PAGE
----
Protesters hold placards and streamers during a rally regarding the disputed islands in the South China Sea, in front of the Chinese Consulate in Makati city, metro Manila, April 9, 2016. Reuters/Romeo Ranoco

The Chinese government has jailed a man for seven years for passing information to an unidentified foreign government about Beijing’s military patrols in the East China Sea. Chinese state media said a foreign government had recruited a man named Chen Wei to take photographs of islands claimed by both China and Japan known as the Diaoyu islands by Beijing and the Senkaku islands by Tokyo.

China has increasingly signaled it has growing concerns about espionage. State media reported Tuesday that for the first time since 2008 a man named Huang Yu was sentenced to death for selling approximately 150,000 classified documents to foreign spies. Meanwhile, warnings over foreign spies took a strange tone earlier this week with reports cautioning women to be wary of accepting roses from attractive foreigners because they could be dealing with spies.

Reports said Chen was caught in 2013 raising questions about the timing of the state media reports amid a new push from Chinese President Xi Jinping to combat foreign threats and bolster the country’s security agencies.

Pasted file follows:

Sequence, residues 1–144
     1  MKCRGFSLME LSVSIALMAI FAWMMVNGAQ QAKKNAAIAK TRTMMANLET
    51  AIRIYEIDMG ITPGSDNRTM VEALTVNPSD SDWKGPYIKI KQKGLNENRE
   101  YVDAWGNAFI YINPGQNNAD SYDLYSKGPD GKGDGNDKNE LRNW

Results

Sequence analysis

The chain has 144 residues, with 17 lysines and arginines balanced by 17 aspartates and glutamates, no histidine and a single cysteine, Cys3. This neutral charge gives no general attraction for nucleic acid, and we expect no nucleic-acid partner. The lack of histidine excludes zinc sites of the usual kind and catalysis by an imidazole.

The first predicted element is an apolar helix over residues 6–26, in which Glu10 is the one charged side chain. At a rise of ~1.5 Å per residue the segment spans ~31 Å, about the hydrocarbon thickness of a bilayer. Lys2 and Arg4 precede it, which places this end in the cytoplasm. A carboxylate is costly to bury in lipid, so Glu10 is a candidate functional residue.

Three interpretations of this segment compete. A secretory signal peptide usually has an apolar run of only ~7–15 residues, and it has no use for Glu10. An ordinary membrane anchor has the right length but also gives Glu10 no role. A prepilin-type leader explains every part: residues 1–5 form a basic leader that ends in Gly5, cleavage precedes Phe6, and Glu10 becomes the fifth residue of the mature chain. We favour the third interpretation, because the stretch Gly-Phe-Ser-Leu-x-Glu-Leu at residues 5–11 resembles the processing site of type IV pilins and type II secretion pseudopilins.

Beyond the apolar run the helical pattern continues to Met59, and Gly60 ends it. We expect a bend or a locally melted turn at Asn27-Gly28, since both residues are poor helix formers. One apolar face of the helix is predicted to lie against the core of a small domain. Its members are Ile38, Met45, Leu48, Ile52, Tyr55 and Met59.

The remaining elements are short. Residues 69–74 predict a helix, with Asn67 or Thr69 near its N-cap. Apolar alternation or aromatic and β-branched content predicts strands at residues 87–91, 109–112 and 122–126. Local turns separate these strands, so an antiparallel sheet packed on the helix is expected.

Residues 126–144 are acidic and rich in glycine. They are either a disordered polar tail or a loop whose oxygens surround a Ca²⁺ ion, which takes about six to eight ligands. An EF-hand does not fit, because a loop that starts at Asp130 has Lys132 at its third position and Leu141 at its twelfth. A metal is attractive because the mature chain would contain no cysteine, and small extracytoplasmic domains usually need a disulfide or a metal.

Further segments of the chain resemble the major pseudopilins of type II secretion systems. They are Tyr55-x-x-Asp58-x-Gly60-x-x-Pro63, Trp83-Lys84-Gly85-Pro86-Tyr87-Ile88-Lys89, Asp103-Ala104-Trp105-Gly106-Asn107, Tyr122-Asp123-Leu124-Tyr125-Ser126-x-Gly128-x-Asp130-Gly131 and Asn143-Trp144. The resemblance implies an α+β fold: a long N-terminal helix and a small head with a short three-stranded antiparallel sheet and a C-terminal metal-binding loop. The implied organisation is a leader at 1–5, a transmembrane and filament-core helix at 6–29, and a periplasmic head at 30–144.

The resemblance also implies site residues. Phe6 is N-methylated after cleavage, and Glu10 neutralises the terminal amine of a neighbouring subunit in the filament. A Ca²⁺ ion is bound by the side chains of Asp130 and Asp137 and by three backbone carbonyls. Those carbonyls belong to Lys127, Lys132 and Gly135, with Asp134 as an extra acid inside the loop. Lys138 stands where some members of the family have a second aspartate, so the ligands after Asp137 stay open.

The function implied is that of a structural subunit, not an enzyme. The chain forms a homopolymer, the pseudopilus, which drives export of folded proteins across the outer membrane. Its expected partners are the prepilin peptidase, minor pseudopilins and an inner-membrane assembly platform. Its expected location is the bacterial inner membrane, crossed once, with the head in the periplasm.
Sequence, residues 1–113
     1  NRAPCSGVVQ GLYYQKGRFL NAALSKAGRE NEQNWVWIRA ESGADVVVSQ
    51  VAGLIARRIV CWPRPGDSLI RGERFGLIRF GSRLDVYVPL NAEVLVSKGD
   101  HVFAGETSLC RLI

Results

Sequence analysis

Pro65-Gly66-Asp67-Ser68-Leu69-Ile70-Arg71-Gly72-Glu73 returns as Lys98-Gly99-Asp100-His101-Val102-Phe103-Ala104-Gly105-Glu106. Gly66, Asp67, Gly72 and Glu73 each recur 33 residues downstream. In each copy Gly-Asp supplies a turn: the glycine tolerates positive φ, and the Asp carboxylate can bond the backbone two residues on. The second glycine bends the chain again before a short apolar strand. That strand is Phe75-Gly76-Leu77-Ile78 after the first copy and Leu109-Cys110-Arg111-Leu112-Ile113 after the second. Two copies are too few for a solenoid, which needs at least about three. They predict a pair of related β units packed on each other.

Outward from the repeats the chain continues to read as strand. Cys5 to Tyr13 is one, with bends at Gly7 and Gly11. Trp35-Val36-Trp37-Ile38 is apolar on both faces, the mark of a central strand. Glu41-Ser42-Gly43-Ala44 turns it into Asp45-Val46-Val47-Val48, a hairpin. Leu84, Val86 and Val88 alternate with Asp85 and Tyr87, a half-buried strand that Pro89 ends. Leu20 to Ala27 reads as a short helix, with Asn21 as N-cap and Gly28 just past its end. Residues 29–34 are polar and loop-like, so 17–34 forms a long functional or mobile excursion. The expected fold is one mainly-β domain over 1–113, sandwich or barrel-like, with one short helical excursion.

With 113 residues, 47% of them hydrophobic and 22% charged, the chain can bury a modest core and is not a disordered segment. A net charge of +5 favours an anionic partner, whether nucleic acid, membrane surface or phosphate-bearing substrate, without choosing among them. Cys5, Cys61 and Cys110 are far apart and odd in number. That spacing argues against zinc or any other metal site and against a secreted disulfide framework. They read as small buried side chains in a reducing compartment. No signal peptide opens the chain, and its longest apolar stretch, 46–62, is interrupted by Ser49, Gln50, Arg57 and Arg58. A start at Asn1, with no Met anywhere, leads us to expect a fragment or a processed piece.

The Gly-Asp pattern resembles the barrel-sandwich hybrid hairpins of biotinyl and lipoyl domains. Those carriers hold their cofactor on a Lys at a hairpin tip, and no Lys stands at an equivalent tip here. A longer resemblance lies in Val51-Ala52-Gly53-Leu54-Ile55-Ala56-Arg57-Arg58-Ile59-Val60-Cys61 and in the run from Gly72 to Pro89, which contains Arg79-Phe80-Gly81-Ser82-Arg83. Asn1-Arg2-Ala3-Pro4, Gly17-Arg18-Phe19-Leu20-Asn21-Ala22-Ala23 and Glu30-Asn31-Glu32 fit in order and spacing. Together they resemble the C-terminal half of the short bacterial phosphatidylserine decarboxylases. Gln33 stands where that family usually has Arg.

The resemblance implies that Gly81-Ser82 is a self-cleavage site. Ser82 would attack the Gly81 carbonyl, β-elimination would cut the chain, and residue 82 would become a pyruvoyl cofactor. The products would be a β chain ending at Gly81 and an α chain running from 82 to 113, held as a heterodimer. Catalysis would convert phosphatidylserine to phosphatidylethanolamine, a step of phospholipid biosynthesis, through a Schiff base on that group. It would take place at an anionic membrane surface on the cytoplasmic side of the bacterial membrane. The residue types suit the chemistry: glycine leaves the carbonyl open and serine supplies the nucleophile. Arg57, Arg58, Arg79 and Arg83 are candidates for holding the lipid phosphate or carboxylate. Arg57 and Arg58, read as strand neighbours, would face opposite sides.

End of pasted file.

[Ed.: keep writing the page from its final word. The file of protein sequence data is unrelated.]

Increased warnings over espionage come as Brunei, China, Malaysia, the Philippines, Taiwan and Vietnam all have claimed parts of the South China Sea while China and Japan have disputed claims in the East China Sea. Over $5 trillion worth of trade passes through the resource-rich waters of the South China Sea annually.

Islands Disputed in the South China Sea | Graphiq

American officials have questioned China’s militarization in the region as well as its land reclamation. As part of a trip to support regional allies, U.S. Deputy Secretary of State Antony Blinken said Thursday Washington would continue to support regional allies and defend its own interests in the region.

“United States and Vietnam are sharing interest in maintaining peace and stability in the region, so is China,” Blinken said speaking at a university in Hanoi. “But its massive land reclamation projects in the South China Sea and the increasing militarization of these outposts fuels regional tension and raises serious questions about China’s intention.”